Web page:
China’s economy experienced its worst performance in decades last year, as growth slowed due to several Covid-19 lockdowns, followed by a deadly outbreak in December that swept across the country with remarkable speed.
Figures released on Tuesday showed China grew 3 percent over the year, less than half the level in 2021 and well below Beijing’s target of 5.5 percent. Other than 2020, it was the most disappointing showing since 1976, the year Mao Zedong died, when the economy fell 1.6 percent.
On December 7, China Raised without warning Its strict restrictions are “zero Covid” after nearly three years. Within weeks, the virus infected hundreds of millions of people, straining hospital wards and funeral homes, and leaving factories, offices and restaurants bereft of workers and customers.
A policy reversal by Xi Jinping, China’s supreme leader, paralyzed the economy in December and raised hope that it would regain ground later this year. Whether that is of great importance to the rest of the world. Consumers in China are an almost indispensable source of income for both domestic and foreign companies. Its factories produce a larger share of the world’s industrial production than the United States, Germany, and Japan combined. The Chinese Communist Party relied on growth for political legitimacy.
Despite the blow inflicted by “zero Covid”, China appears to have grown faster last year than major competitors such as the United States, Japan and Germany, which economists estimate expanded less than 2 percent last year.
In the decade before the pandemic, China’s economy was one of the most dynamic in the world, growing at an average rate of 7.7 percent annually. But in the last three months of 2022, growth slowed to 2.9 percent, and it fell from previous quarter.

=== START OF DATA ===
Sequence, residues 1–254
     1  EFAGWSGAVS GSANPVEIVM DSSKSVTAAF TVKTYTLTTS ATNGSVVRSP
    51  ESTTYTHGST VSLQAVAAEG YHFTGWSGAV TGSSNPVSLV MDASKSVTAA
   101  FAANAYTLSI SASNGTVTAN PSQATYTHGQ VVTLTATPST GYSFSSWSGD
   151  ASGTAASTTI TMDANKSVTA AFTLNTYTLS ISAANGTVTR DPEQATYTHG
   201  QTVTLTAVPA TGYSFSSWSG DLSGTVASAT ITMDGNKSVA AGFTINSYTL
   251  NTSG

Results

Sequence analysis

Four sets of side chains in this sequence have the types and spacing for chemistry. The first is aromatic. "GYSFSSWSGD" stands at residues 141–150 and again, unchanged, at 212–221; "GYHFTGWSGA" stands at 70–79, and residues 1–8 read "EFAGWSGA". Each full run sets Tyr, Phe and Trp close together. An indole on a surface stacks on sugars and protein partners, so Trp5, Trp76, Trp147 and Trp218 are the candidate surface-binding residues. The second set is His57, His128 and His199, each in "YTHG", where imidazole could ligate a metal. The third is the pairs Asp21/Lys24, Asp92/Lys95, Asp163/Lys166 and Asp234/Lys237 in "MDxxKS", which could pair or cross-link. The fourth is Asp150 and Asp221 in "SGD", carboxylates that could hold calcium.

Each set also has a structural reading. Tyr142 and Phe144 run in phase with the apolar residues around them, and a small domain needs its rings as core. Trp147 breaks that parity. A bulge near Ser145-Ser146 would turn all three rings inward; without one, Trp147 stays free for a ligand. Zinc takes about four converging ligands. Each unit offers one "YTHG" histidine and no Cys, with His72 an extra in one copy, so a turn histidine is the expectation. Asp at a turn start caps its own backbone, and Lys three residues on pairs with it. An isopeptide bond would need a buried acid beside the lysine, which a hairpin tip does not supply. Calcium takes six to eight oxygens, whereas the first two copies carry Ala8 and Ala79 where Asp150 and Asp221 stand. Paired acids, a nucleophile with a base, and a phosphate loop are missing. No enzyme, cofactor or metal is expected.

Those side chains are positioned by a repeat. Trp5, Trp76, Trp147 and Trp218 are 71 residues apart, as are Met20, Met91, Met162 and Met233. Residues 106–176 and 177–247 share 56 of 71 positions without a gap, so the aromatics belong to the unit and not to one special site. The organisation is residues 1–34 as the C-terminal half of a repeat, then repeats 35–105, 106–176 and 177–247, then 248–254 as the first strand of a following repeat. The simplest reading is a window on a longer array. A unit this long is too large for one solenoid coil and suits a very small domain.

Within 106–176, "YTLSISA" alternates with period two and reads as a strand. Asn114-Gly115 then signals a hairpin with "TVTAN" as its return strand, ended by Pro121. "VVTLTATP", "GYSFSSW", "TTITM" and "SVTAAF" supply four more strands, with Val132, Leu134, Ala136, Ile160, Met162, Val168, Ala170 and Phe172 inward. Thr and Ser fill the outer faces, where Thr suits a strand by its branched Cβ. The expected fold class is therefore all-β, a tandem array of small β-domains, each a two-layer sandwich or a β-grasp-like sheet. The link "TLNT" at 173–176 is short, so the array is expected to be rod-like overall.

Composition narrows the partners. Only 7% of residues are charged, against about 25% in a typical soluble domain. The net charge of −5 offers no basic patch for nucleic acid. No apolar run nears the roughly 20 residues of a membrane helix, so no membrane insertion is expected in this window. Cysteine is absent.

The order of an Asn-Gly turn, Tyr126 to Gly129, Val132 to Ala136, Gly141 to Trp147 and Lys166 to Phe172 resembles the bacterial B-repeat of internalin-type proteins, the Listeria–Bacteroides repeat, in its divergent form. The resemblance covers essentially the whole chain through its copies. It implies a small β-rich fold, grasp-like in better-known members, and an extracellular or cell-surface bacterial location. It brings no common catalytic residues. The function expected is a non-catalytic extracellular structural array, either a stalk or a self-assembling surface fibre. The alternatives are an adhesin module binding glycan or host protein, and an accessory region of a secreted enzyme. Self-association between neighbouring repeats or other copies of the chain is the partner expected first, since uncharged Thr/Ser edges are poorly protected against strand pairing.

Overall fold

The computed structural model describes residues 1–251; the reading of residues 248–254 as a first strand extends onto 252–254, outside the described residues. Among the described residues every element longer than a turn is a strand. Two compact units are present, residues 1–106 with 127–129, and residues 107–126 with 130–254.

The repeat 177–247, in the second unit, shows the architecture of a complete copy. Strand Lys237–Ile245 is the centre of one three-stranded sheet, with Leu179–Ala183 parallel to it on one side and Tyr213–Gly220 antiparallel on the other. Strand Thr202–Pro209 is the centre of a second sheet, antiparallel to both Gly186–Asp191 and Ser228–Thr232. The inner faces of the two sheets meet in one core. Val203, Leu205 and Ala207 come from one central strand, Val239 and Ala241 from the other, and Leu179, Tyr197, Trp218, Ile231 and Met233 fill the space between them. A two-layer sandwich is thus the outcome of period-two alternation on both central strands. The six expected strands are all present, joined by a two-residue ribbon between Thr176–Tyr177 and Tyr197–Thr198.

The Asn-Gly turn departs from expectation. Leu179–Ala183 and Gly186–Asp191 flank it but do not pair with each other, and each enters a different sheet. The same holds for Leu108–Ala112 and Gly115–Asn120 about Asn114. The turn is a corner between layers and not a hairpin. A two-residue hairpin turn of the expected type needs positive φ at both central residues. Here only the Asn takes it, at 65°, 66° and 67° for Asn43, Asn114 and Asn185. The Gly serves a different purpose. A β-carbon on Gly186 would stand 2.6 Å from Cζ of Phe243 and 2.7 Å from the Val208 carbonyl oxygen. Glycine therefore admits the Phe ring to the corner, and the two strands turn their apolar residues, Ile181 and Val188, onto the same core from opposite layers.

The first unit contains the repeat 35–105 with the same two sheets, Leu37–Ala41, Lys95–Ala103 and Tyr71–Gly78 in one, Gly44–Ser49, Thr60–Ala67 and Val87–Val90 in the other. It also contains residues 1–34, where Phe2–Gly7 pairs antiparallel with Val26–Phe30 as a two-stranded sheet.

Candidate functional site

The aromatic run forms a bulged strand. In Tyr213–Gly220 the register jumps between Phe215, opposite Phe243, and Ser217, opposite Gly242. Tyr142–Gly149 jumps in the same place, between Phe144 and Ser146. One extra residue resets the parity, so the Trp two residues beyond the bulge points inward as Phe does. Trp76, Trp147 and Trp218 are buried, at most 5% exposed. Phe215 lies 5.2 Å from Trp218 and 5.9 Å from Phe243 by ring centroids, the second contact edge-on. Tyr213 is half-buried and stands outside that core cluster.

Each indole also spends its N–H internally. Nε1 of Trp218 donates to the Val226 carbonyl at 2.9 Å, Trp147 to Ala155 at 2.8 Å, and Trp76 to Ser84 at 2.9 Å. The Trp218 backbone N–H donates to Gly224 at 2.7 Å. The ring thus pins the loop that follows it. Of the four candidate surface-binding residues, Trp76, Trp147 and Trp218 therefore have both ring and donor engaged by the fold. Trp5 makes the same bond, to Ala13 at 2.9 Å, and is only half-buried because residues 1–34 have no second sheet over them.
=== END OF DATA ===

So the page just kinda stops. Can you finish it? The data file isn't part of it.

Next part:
Chinese officials insist that the economy will rebound after the peak in infections. Traffic jams have reappeared, and subways are increasingly crowded in Beijing and Shanghai. Shops along Shanghai’s famous Nanjing Road, China’s Fifth Avenue, are no longer empty. Domestic terminals of large Chinese airports are crowded with passengers. The optimism is reflected in Chinese stock markets, which have risen in recent weeks.
But the road ahead is very vague. Large parts of China’s population, especially the elderly, are not fully vaccinated, which leads to an increased risk of contracting new Covid variants. The real estate sector of the economy, normally a major driver of wealth, is weighed down by massive corporate debt.
Many economists are already writing off January and possibly February as well. Huge numbers of workers have already headed to their hometowns to celebrate the Lunar New Year, in many cases for the first time in three years. No one knows when they will return to the cities to work.
“Activity and confidence data for March may start to surprise to the upside,” said Louise Law, an economist at Oxford Economics in Singapore.
The economic scars of “Zero Covid” are visible in Yiwu, a river town once bustling with light industry and wholesale markets in southeast China. In interviews there this month, nearly a dozen residents said that even as the tide of cases subsided in December, the damage was still there.
Yiwu endured a harsh 10-day lockdown in August to stamp out a virus outbreak of 500 cases, only to suffer a wave of cases in mid-December when “zero Covid” measures were lifted.
Today, restaurants are only a third full and many have closed permanently. Many shops were nearly empty when they should have been bustling with people shopping for gifts ahead of the Lunar New Year celebrations that are set to begin this weekend.
Yuan Hao, the owner of a flower shop no bigger than a large wardrobe, said that in some storefronts near him, many shops opened and then closed quickly in the past year. Traders found that almost no one ever spent money. He said that now almost no one buys flowers for the Lunar New Year.
“All the money we earned has been spent and there is no way we can save more money,” he said.